Stock markets continued to edge higher on Tuesday, as investors drew confidence from the prospect of economic normalisation and the rollout of Covid-19 vaccines.

The FTSE All-World index climbed 0.1 per cent to take the global benchmark to a fresh intraday peak, while futures trading pointed to Wall Street’s S&P 500 index opening up 0.5 per cent after a public holiday on Monday.

“The reflationary trade has gained some notable momentum in February and global stock markets are thriving as the prospect for massive US fiscal stimulus, flattening Covid-19 infection curves, and the global vaccine rollout emboldened expectations for a rapid recovery and underpinned investor sentiment,” said Candice Bangsund, portfolio manager at Fiera Capital.

Such optimism was reflected in Bank of America’s Global Research report. Only 13 per cent of its respondents said the US equity market was in a bubble, 27 per cent thought US equities were in an early-stage bull market, while slightly more than half believed US stocks were in a late-stage bull market.

In Asia, mainland Chinese markets are shut for a public holiday, but Hong Kong’s Hang Seng added 1.9 per cent and Japan’s Nikkei 225 average gained 1.3 per cent.

UBS Global Wealth Management noted that Asian stocks had gained faster than their US counterparts so far this year, but it still expected a further 10 per cent rise this year.

“Investors may be understandably concerned that Asian equities are getting frothy,” wrote the wealth manager’s chief investment officer Mark Haefele. “But it’s important to remember that we are only at the early stages of the economic recovery. Macro momentum in Asia is strong, and conditions are supportive of robust profits across sectors and regions this year.”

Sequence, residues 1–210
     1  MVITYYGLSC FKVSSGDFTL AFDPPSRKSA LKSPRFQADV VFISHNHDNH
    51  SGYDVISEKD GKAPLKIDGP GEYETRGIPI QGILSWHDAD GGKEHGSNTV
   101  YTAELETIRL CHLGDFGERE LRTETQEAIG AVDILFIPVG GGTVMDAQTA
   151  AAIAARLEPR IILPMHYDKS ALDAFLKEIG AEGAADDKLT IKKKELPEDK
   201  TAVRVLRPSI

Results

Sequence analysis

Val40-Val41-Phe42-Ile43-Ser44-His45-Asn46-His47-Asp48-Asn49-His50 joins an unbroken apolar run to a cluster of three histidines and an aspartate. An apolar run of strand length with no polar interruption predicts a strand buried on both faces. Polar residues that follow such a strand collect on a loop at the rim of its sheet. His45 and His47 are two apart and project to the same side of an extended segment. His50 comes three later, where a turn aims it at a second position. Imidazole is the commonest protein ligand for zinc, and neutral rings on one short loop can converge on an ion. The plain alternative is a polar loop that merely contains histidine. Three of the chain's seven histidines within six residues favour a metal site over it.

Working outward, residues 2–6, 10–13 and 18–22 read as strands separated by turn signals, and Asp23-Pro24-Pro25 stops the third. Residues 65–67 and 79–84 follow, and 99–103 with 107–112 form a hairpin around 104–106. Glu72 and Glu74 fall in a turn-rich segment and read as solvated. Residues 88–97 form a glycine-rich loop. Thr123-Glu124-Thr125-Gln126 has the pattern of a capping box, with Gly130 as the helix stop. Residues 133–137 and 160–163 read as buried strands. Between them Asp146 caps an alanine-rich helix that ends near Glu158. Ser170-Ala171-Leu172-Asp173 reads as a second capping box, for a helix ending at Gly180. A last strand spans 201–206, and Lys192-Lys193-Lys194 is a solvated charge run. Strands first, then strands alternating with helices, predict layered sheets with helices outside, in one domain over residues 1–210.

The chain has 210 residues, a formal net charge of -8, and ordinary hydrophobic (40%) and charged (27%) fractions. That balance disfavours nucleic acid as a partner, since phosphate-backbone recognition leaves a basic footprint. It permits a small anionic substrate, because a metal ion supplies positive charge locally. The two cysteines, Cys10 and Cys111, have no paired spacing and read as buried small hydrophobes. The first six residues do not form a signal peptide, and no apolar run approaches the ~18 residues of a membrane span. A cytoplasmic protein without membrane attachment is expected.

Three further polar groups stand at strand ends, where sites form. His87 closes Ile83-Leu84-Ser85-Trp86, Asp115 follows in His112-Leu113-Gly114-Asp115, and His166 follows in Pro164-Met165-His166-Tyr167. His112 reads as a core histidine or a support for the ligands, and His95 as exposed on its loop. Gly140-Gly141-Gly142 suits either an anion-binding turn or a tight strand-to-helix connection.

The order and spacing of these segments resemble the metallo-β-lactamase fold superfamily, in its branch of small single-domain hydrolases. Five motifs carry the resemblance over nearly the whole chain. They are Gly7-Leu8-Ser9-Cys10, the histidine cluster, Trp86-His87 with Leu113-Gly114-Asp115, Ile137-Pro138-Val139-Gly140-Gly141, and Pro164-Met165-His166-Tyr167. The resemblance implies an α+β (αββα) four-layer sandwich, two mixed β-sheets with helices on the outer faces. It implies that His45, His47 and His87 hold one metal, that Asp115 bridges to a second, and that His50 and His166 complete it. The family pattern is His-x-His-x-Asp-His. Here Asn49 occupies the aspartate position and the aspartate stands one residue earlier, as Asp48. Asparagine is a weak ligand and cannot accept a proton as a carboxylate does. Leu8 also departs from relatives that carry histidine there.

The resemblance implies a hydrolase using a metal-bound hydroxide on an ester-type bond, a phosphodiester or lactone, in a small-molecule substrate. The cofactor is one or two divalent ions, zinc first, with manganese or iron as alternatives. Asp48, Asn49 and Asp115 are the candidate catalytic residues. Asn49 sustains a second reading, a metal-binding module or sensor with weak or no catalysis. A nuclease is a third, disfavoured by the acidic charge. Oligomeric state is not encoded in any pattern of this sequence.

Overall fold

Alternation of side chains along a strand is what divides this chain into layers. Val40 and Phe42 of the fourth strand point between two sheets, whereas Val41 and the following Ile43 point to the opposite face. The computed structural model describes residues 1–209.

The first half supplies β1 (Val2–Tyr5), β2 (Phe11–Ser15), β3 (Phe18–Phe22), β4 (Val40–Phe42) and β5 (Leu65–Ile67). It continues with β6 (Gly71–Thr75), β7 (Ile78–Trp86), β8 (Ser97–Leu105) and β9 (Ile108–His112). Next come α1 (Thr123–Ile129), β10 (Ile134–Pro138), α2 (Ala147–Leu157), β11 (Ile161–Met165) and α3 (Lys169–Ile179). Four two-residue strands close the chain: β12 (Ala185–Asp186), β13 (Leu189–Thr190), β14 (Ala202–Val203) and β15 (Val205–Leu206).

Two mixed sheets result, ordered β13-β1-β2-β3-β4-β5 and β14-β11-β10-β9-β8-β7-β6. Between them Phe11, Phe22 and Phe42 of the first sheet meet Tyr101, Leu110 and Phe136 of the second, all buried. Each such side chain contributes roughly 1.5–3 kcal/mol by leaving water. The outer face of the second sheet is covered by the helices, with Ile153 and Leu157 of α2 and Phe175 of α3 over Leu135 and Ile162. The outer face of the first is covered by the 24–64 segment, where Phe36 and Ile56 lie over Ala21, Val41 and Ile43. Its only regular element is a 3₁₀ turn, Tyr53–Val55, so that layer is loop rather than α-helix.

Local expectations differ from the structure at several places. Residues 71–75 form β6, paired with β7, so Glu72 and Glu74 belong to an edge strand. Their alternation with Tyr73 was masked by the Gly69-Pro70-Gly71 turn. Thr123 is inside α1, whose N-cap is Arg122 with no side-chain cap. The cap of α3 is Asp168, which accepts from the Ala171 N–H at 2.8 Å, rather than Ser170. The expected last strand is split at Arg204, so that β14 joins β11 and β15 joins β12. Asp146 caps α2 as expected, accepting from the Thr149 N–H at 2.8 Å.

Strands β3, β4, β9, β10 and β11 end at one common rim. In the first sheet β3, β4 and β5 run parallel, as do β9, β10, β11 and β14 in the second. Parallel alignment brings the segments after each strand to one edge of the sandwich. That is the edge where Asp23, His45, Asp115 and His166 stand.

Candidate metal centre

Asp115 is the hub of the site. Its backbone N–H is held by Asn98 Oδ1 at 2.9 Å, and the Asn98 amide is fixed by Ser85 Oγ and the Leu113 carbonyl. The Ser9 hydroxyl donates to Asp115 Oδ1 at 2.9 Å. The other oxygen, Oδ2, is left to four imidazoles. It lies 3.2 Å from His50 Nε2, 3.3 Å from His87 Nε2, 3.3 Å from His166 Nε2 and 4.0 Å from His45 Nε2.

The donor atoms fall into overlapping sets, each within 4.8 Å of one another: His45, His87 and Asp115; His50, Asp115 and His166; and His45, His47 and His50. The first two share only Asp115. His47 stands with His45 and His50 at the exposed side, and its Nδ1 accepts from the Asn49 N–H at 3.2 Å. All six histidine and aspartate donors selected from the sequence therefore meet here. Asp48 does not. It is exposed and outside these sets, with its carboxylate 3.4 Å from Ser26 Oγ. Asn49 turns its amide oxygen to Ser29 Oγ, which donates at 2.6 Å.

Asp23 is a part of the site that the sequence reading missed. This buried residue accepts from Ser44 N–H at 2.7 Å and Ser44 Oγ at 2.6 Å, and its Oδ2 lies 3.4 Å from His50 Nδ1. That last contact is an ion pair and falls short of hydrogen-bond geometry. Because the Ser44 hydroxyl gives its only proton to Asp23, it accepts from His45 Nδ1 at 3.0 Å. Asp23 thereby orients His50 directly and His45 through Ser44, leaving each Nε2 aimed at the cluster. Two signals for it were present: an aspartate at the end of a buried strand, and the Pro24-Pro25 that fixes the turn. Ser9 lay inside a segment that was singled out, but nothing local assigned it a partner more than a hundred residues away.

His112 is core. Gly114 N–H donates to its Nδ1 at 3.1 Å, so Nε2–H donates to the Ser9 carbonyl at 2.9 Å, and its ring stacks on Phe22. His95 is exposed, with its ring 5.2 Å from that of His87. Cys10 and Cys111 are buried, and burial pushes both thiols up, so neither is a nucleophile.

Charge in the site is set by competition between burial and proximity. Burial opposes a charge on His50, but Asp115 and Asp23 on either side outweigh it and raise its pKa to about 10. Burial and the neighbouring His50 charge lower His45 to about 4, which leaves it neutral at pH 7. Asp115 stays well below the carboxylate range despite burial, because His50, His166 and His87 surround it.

In Europe, London’s FTSE 100 was up 0.1 per cent in the afternoon, taking the index’s gains so far this month to 5.6 per cent. “The UK market has never, ever been so cheap,” said Didier Rabattu, head of equities at Lombard Odier Investment Management. He highlighted a move by investors into “value stocks” — those judged to be inexpensive relative to their earnings or assets — in the banking, energy and mining sectors.

Oil prices hovered near 13-month highs, with international benchmark Brent slipping 0.5 per cent to $63.06 a barrel while US marker West Texas Intermediate was up 0.4 per cent at $59.69 a barrel.

Elsewhere in Europe, Mario Draghi, former president of the European Central Bank, was sworn in as Italy’s prime minister. The country’s government bonds were flat on Tuesday, but are holding on to the bulk of their gains since Draghi’s shift into politics was announced.

“Our baseline scenario is that Italian government bonds can rally further on the back of lower political uncertainty and buying flows from foreign investors,” said analysts at UniCredit.

“There’s much less risk in Italy,” said Fahad Kamal, chief investment officer at Kleinwort Hambros, Société Générale’s private banking and wealth management division. “But, if you look at Italy in the postwar period, very few governments last longer than a year and ultimately Italy’s problems are deep and structural,” he added.